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Annals of Hepatology

versión impresa ISSN 1665-2681

Ann. Hepatol. vol.16 no.2 Ciudad de México mar./abr. 2017 

Case report

Aplastic Anemia and Severe Myelosuppression with Boceprevir or Simeprevir-Containing Hepatitis C Virus Treatment

Alicia Senín *  

Teresa Broquetas **  

Sabela Lens ***  

Nuria Cañete **  

María-Carlota Londoño ***  

Mariana Ferraro *  

Xavier Forns ***  

Antonio Salar *  

Jose A. Carrión **  

*Department of Clinical Hematology, Hospital del Mar, Barcelona, Spain.

**Liver Unit, Gastroenterology Department, Hospital del Mar, IMIM (Hospital del Mar Medical Research Institute), Barcelona, Spain.

***Liver Unit, Hospital Clinic, IDIBAPS, CIBERehd, Barcelona, Spain.


The addition of the new protease inhibitors (PIs) to peg-interferon (IFN) and ribavirin (RBV), approved for chronic hepatitis C, has clearly improved sustained virological response (SVR) rates although several adverse events have been reported with this regimens, including mild hematological toxicity. Moreover, severe pancytopenia and aplastic anemia during triple therapy with telaprevir has recently been described in seven patients. We report here two cases of severe agranulocytosis/aplastic anemia using boceprevir or simeprevir in interferon-based combination and 2 additional cases of severe myelosupression in IFN-free therapy with sofosbuvir and simeprevir plus RBV. Our observations suggest that PIs could have a sort of class-effect in developing severe hematologic toxicity or, at least, an additive interaction with other potentially myelotoxic agents such as IFN or RBV that are used in the classical regimens against HCV. Unfortunately, the mechanisms behind this phenomenon are currently unknown. In conclusion, given the lifethreatening character of these complications, close monitoring is mandatory in patients under PIs based therapy to promptly detect serious hematological toxicities and to carefully evaluate treatment discontinuation. Prospective studies assessing the usefulness of RBV in the era of new IFN-free combinations are needed.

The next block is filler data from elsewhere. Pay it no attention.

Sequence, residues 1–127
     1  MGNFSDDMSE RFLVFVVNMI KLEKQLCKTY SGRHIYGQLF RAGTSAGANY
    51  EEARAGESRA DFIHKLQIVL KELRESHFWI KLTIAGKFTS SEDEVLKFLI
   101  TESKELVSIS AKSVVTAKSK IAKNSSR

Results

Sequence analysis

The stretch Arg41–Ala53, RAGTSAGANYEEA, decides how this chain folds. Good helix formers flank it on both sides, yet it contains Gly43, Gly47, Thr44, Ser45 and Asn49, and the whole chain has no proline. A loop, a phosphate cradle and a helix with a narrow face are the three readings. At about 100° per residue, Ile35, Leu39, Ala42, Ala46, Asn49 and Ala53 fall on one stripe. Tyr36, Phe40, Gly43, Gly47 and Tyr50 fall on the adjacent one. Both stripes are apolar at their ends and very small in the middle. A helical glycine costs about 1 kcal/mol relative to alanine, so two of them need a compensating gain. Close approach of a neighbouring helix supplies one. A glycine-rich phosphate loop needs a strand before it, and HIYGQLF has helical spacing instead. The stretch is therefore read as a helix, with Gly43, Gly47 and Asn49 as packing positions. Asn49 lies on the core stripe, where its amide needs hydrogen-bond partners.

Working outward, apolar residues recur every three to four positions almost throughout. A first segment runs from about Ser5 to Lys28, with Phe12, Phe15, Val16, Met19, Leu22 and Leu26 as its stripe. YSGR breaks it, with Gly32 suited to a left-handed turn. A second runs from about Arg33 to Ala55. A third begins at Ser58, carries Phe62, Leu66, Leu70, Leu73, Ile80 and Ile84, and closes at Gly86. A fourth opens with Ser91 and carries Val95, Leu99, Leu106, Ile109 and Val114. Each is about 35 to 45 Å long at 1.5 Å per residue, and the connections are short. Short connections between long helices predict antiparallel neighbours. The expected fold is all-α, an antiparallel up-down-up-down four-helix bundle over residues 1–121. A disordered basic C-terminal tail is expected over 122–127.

Key words: Anemia; Hepatitis; Toxicity and protease


Protease inhibitors (PIs) have improved sustained virological response (SVR) in patients with chronic hepati tis C virus (HCV) when used in combination with peg-interferon and ribavirin (PR).1 Hematological adverse events with PR, like interferon (IFN)-related central myelosuppression or ribavirin (RBV)-related hemolytic anemia are usually mild.2 Few cases of hematological serious adverse events (SAEs) in HCV infected patients receiving antiviral treatment with PR have been reported in the literature: two cases of severe aplastic anemia related to IFN-alfa and two cases of pure red cell anemia (PRCA) associated with peg-IFN and RBV, respectively.3 , 4